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the runaround

“The system is broken. It clearly doesn’t work the way it’s supposed to,” lamented one of D’s instructors in one of the franker discussions during training.

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It appears from our limited experience that one of the most frequent complaints among government employees is about their own personal interactions with the government. There are many stellar examples of public servants who live up to the name, dedicating themselves to helping others with praiseworthy perseverance and public service. Unfortunately, it seems that for every one of these excellent people there are others who are either unresponsive or who stick to the letter of each regulation with such tenacity that they create problems where none should exist.

The particulars of all Foreign Service travel are determined by travel orders — a document that lays out what is authorized and how much it should cost. The travel orders for the entire cadre of 7,000 FSOs are made by about half a dozen travel technicians. Because each of them handles more than a thousand clients, they are frequently hard to reach. This time around D had the good fortune of having an incredibly responsive travel tech, who made several amendments when they were needed and never left an email unanswered longer than a couple of hours.

Judging by the experiences of D’s colleagues and our own experience the last time around, this was atypical. Before departing for our first post, for example, we wanted to ship some of our belongings from DC and others from Maine, where S’s parents live. This is a perfectly allowable arrangement according to the regulations, but it has to be spelled out in the travel orders, and the travel tech assigned to D simply refused to respond to his request. Emails went unanswered; it was impossible to reach her by phone. The only way D got this relatively straightforward amendment approved was because one of his emails bounced back with an “out of office” message that listed the phone numbers of several other travel techs. D dialed the numbers one by one until somebody answered and resolved the issue in about five minutes. One colleague recounted how the only way she managed to get her orders printed was to show up at her travel tech’s office with a box of chocolates and her 1-year-old.

Travel orders weren’t an issue this time around, but the actual travel was. The regulations allow employees to “cost construct” their itineraries — to modify the route from what is authorized on the travel orders and pay the difference, if there is any, out of pocket. In our case, because S has to pick up our dog in nearby Romania and transport her overland to Moldova, she could not stick to the authorized itinerary. While D traveled from DC to New York and on to Chisinau via Vienna, S was planning to travel from New York through Vienna to Bucharest.

On the face of it, this should have been a simple transaction. We were both flying on the same airlines and the ticket to Bucharest is cheaper than the one to Chisinau. Unfortunately, things are rarely as simple as they should be. When D called to make reservations, the travel agents used by the State Department (not to be confused with the travel techs) balked. First, because S wasn’t flying to Chisinau, even though that was going to be her final destination, one of the travel agents tried to tell D that she would be charged a commercial rate rather than the government fare, which was several thousand dollars more expensive for the same route.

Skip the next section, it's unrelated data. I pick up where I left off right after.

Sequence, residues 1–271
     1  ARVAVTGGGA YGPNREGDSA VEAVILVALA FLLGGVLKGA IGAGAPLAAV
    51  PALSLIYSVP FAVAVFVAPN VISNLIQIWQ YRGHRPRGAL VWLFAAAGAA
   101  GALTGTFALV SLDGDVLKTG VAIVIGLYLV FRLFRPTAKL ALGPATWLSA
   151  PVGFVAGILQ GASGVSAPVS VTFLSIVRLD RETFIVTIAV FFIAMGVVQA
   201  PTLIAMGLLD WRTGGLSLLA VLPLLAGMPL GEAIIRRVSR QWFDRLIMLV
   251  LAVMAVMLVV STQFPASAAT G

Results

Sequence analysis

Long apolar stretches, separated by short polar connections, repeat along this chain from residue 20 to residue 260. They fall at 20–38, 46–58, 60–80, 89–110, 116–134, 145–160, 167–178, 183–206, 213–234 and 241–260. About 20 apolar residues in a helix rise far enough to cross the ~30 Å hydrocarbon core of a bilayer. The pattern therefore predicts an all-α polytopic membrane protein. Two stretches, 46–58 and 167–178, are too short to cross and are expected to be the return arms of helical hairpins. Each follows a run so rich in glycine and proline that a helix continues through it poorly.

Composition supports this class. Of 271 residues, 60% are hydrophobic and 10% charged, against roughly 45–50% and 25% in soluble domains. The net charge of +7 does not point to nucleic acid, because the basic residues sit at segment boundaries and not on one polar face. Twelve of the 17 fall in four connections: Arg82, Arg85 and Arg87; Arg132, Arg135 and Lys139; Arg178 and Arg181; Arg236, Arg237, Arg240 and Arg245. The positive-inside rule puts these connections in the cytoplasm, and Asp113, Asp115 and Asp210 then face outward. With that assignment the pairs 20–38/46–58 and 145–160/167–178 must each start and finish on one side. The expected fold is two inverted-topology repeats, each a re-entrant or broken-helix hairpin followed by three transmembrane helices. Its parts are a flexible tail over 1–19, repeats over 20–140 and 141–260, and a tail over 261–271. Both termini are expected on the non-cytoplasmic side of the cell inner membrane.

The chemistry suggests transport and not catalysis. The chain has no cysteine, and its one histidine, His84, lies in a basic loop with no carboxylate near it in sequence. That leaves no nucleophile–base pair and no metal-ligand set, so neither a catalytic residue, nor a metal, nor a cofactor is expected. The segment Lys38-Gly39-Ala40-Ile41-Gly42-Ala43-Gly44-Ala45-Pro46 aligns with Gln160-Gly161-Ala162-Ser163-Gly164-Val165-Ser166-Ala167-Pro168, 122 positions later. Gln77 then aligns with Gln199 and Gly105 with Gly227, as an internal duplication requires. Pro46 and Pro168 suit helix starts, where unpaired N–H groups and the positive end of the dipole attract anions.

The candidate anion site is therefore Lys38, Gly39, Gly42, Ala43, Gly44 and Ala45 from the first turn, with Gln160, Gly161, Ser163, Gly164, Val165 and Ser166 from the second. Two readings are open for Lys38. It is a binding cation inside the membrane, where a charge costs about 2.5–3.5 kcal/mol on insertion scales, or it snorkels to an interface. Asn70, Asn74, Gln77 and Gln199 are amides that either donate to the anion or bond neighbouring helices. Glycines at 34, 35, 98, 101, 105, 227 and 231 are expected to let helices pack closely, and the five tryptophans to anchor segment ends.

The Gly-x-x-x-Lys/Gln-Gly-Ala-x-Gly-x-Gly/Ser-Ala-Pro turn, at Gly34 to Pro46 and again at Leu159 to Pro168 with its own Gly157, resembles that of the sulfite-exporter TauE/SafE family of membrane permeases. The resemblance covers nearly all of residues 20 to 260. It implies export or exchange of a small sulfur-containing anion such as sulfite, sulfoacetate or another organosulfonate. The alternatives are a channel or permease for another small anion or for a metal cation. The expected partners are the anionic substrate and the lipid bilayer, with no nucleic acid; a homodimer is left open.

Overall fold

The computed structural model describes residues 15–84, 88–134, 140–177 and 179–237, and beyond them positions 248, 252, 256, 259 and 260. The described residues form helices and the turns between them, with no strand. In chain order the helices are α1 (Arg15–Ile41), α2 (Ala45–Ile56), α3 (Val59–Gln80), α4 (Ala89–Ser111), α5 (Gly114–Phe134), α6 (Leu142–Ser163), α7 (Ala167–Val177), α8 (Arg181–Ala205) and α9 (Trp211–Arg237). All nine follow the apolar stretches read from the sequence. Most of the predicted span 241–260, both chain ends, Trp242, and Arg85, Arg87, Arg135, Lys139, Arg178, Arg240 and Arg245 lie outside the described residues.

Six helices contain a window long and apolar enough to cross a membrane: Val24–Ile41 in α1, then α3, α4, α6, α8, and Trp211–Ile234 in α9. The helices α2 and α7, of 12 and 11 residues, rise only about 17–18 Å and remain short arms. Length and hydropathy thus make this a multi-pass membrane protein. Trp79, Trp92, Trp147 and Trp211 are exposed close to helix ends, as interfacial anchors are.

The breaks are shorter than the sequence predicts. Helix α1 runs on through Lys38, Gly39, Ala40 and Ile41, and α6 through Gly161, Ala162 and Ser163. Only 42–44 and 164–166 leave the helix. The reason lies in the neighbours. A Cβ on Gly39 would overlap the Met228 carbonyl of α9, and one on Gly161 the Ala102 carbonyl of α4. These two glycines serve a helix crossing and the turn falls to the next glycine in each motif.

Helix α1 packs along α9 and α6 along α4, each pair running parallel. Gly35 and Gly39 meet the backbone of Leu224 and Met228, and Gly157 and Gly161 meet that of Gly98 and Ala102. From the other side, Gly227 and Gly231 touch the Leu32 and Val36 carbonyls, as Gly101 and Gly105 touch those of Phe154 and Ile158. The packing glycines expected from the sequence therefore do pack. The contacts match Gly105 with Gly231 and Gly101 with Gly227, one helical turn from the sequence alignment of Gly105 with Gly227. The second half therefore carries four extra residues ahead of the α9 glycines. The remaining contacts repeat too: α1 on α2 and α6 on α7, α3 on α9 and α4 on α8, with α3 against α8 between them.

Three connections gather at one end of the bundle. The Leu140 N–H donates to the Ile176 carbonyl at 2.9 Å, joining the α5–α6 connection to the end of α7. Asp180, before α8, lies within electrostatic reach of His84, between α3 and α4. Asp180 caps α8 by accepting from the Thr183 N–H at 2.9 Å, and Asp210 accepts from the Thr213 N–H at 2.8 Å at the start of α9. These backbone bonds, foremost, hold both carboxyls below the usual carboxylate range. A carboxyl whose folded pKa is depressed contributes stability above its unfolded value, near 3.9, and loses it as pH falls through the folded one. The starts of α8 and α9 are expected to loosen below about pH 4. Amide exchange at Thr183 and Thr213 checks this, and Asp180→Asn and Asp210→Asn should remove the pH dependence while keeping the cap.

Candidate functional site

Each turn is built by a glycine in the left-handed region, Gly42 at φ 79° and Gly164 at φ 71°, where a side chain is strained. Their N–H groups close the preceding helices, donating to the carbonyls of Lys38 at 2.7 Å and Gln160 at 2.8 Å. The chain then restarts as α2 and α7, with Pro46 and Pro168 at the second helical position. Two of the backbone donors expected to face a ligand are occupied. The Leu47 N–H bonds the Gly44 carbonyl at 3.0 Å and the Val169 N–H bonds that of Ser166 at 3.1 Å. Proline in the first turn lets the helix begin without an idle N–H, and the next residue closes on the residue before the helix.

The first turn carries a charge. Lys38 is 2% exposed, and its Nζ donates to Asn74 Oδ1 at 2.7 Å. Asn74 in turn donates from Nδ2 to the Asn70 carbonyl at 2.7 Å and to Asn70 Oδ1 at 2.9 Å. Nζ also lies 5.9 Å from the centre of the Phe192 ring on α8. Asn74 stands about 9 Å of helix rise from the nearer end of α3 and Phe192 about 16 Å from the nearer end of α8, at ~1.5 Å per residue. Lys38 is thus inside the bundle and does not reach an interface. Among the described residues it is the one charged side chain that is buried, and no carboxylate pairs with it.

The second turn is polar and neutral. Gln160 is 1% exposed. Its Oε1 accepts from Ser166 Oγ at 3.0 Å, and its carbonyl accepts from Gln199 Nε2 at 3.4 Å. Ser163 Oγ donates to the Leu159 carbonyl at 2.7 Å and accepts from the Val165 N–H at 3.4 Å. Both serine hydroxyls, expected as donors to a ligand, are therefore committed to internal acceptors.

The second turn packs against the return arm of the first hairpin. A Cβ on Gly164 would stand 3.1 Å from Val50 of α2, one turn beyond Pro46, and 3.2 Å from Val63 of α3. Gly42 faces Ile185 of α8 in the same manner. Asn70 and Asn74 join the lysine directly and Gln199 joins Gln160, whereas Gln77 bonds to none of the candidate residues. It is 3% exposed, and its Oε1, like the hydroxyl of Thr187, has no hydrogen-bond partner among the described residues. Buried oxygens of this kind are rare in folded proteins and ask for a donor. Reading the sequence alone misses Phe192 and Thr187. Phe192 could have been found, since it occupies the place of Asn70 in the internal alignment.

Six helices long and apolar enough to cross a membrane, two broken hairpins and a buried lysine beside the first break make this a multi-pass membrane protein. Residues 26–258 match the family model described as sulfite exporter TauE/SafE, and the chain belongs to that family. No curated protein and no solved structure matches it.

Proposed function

D turned to a different travel agent who said this was utter nonsense and set up the itinerary we needed. However, our dog’s shipment could not be confirmed more than ten days in advance. On the off-chance that Emmie could not leave Kenya as planned — not an unreasonable fear considering the recent fire that consumed Nairobi’s international airport — we made reservations for S but asked for them not to be ticketed so as not to be locked into specific dates. This proved to be a mistake. Once Emmie was confirmed, D went back to get S’s tickets, only to find that the sensible agent was on leave and the person who was temporarily filling in was reluctant to issue the  reserved tickets.

D spent a tense half hour in the office, covering ground that had already been rehashed twice: arguing that S’s flight from New York to Vienna should not be more expensive than D’s Washington –> New York –> Vienna itinerary on the same airline, and explaining that the Vienna –> Bucharest flight was significantly cheaper than the Vienna –> Chisinau one, which again was on the same airline for both of us. The agent finally agreed to book the New York –> Vienna portion but refused to exchange the European flights without approval from somebody higher up.

We finally got S’s tickets at 5pm the day before we left DC. It’s remarkable how much energy we expended trying to get an itinerary approved that not only made more sense but was also much less expensive than what had been authorized. Sadly, we are far from the only ones we know who have had to fight the bureaucracy to attain common sense solutions to their situations. The lesson, of course, is not to despair, but to learn the regulations and advocate relentlessly for oneself.

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